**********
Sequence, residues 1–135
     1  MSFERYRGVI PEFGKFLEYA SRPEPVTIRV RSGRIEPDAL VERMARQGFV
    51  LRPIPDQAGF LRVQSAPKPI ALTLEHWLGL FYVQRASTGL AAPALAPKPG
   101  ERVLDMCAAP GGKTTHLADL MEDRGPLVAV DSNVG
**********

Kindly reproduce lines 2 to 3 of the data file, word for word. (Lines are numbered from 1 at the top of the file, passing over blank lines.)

     1  MSFERYRGVI PEFGKFLEYA SRPEPVTIRV RSGRIEPDAL VERMARQGFV
    51  LRPIPDQAGF LRVQSAPKPI ALTLEHWLGL FYVQRASTGL AAPALAPKPG